After a year of this I became pregnant unexpectedly but miscarried at 9 weeks.

A year after the miscarriage we realised that we absolutely wanted to be parents but couldn't put ourselves through any further fertility treatment.

We were ready to adopt.

18 months later our DS arrived aged 10 months and two years after that DD arrived.

Adoption has been wonderful for us but we waited until we were 100% certain it was right for us.

My only advice would be to be completely honest with yourselves about the age of child you wish to adopt and about the type of issues you feel able to cope with.

Stevemcqueenlikesbeans Tue 03-Jan-17 18:10:56

Hi Pink, sorry that IVF didn't work for you.

We adopted a couple of years after one successful (BC now 7) and one unsuccessful round of IVF (frozen blastocyst embryo, never expected it to work) and an unexpected natural conception ended in miscarriage.

My advice would be to work through your grief as much as you can (I don't think I gave myself enough time) and keep reading to help prepare you for the different kind of parenting adopting a child requires. Adoption UK has some helpful reading materials:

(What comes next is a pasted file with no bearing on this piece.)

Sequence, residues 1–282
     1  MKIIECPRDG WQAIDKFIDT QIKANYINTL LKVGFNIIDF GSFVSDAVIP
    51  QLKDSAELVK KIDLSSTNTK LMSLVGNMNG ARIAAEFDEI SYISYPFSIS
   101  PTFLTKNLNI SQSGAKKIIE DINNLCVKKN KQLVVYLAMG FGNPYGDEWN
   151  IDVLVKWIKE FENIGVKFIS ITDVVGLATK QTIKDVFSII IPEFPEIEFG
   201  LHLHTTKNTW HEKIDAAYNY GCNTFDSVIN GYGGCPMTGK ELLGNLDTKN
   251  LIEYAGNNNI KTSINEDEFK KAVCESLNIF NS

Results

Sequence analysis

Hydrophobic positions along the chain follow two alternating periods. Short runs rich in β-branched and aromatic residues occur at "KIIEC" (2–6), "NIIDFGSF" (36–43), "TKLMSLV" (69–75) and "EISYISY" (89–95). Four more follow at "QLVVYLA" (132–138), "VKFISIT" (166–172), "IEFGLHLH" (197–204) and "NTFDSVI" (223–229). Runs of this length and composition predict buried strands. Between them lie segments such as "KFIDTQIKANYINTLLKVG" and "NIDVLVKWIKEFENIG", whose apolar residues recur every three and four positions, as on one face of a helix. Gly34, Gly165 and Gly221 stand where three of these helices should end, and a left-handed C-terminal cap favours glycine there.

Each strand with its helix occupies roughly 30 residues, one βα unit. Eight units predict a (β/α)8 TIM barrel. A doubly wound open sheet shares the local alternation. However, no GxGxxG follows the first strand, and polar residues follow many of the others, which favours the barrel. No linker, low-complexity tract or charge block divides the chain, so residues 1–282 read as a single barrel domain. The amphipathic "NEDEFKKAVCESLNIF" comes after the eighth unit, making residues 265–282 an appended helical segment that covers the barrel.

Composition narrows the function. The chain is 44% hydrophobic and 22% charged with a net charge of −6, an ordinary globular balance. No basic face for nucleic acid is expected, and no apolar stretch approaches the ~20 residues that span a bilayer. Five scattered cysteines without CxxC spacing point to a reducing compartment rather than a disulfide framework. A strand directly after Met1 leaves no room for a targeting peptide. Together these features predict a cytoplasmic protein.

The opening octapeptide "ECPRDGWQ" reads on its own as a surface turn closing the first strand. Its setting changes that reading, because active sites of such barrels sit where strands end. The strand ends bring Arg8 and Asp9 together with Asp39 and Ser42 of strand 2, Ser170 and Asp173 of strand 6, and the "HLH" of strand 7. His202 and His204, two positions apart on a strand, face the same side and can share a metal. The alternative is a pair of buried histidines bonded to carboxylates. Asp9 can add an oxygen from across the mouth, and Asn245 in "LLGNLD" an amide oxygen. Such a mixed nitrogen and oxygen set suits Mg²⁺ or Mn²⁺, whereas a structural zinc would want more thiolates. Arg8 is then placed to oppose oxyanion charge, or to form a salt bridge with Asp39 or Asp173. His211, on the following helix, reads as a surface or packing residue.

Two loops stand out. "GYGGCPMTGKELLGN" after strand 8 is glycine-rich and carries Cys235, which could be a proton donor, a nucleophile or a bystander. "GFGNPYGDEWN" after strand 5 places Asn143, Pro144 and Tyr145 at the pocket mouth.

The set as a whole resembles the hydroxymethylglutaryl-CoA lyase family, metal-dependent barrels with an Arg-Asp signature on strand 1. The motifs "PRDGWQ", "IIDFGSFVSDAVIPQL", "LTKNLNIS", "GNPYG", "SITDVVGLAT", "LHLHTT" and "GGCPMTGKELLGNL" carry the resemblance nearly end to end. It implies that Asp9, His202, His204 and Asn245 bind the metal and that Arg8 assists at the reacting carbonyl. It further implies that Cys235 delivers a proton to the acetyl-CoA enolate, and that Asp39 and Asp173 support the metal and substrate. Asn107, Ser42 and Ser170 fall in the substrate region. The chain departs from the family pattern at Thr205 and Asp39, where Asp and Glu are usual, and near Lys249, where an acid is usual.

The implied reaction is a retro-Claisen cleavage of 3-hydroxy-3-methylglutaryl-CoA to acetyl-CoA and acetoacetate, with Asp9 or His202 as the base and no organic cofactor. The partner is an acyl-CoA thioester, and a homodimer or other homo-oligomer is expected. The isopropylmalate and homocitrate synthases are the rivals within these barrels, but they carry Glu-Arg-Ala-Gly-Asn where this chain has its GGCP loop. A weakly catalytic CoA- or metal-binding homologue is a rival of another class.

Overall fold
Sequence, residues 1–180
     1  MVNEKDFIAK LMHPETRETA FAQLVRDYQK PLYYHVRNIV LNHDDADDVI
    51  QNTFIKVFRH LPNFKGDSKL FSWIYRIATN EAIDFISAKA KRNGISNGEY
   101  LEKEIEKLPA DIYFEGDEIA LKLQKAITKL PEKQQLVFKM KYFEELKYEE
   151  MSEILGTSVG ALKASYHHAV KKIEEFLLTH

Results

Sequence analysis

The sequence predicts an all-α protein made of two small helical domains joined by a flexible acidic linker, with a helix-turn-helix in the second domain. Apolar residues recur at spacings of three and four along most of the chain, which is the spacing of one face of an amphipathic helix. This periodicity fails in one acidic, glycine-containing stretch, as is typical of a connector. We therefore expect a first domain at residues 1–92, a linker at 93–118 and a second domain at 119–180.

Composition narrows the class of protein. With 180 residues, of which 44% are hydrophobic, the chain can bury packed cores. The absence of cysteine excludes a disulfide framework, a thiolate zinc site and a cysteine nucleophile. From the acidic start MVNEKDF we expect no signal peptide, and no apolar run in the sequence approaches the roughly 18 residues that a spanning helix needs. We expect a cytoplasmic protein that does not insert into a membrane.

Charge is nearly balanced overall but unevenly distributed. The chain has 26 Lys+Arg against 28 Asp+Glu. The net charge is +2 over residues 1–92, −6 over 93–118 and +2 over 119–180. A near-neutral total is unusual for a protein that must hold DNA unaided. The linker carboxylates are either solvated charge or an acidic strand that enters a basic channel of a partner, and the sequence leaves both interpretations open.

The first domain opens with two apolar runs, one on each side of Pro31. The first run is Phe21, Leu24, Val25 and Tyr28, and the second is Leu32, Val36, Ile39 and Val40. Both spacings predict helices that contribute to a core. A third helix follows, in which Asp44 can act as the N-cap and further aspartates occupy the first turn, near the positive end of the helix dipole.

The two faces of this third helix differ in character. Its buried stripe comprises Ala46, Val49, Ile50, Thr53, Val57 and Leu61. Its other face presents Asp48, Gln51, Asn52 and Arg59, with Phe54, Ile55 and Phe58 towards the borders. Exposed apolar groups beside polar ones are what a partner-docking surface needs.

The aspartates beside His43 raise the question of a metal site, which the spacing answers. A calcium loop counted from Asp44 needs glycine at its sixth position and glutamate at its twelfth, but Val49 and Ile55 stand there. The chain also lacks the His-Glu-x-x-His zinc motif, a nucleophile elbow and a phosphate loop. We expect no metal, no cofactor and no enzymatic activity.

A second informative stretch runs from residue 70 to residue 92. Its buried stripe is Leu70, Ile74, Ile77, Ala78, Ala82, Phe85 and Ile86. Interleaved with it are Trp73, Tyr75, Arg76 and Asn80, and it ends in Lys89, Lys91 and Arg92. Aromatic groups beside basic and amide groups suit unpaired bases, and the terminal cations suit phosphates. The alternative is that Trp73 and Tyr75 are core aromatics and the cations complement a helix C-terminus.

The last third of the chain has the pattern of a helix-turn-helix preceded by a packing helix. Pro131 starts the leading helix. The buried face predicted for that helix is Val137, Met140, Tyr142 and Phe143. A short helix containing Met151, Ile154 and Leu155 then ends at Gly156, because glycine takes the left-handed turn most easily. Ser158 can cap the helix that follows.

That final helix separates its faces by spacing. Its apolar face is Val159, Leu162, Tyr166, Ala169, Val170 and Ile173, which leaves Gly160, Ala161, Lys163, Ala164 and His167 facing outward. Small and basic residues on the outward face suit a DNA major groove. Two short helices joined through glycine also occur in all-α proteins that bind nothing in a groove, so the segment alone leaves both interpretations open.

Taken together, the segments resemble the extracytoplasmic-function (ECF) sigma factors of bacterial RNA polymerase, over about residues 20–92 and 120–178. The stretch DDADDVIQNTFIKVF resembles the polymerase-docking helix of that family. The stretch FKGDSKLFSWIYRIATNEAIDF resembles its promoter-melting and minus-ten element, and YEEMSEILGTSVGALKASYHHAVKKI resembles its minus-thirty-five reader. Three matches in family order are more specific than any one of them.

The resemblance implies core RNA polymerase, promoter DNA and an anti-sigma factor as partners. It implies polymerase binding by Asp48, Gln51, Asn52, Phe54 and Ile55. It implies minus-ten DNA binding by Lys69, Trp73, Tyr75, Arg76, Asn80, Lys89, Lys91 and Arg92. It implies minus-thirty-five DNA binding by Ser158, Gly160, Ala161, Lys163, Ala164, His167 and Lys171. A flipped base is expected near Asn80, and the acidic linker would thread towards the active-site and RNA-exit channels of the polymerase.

www.adoptionuk.org/about-adoption/different-kind-parenting

Good luck on your journey to parenthood flowers

comehomemax Tue 03-Jan-17 22:00:21

I know what you mean about going through the motions OP - we only had 2 rounds of ivf but i knew it was a very slim chance. Didn't stop the emotional rollercoaster but, like you, I was already considering my options during that time.

My advice would be to keep reading and asking questions - the adoption process is like a really hairy job interview and I found reading up on trauma, neglect and ideas on how to parent a child coming from this type if background helped us come across well to social workers.

Also, look at the type of agencies out there as well as reading up on your LA/surrounding LA's so you get an idea of who you might want to work with if you do decide to move forward.